Two models for governance and representation of one of New Zealand's largest iwi organisations was voted on today by the members of Waikato-Tainui.
The results show that the majority are leaning towards the Marae model, as opposed to the Status-quo model.
Waikato-Tainui beneficiaries had 23 days to cast a vote for two models to govern the iwi.
Rāhui Papa says, “I'm relieved and glad we have completed our voting process. Over five thousand beneficiaries have cast their vote in regards to how we move forward together.”
The Status-quo model allows for minimal change to the current set up, the management structure remains the same on Te Kauhanganui and Te Arataura boards. However Patara Berryman is concerned that a loss in voice today will impact on the future.
“If you eliminate one of those roles, what does that mean for the youth? How do we find out about our tribal issues if we aren't a part of the forum?”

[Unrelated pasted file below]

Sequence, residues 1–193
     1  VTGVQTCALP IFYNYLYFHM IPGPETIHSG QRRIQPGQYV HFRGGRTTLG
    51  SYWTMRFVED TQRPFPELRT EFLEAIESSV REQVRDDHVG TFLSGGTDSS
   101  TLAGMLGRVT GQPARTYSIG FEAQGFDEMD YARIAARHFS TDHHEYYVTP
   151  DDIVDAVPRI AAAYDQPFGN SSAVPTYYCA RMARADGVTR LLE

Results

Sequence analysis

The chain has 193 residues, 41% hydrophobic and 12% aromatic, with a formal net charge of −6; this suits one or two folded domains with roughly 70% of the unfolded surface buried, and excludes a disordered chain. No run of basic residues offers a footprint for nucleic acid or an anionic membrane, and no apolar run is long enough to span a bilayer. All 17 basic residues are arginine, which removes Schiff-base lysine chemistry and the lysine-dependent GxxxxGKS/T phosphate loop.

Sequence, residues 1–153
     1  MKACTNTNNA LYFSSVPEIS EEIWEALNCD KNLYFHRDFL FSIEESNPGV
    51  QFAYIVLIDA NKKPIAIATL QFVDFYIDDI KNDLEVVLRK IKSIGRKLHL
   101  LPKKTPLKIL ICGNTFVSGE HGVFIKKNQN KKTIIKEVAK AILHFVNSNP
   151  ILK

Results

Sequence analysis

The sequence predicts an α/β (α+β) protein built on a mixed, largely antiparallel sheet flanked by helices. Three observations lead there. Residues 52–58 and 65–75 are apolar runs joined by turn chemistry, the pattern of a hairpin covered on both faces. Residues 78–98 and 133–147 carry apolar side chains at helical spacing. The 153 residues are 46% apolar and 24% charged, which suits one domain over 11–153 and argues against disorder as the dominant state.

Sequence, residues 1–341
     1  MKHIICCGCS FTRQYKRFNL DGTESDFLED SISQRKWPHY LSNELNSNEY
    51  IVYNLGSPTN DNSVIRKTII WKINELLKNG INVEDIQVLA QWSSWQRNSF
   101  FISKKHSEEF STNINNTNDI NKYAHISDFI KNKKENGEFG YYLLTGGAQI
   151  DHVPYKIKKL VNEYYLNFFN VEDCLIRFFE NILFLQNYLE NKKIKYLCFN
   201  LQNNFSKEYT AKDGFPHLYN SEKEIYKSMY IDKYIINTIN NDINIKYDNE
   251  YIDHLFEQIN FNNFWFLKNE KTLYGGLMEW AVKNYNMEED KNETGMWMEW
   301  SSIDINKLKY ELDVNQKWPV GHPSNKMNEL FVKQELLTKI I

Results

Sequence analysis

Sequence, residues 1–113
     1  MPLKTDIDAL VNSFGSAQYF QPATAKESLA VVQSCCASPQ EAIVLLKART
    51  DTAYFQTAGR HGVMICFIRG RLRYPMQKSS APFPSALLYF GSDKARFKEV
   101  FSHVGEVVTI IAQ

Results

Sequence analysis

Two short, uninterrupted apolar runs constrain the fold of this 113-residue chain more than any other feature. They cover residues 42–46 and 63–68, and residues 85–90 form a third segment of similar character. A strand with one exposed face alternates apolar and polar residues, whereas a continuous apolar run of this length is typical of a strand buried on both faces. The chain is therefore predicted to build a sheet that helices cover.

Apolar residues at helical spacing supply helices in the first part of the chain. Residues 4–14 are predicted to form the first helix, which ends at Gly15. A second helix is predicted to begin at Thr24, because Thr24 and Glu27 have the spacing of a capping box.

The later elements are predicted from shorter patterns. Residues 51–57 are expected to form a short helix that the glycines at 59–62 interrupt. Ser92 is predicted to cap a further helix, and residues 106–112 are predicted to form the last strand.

According to Rangimaria Tahana, the movement for decision making isn't clear.
“The decision being made by Marae is missing from the status quo option, it is left to Te Kauhanganui representatives to take the issues of the Marae to Te Kauhanganui, who then decides on what happens to the Marae. Therefore, the Marae model brings back the decision making to the Marae.”
The Marae model, reduces the number of Te Kauhanganui members from 205 to 137, and also decreases Te Arataura members from 11 to 9. Rangimaria says she voted for the Marae model, "to move forward as a tribe, to unite together, it is time for change.”
It is indeed time for change but what model did the people vote for.
Rahui Papa says, “Within the 5,000 that did vote, over 70% voted for the Marae model to guide the tribe. From here the members will take these matters and address their Marae about the outcomes for this matter. Te Kauhanganui finalise the decision in early November.”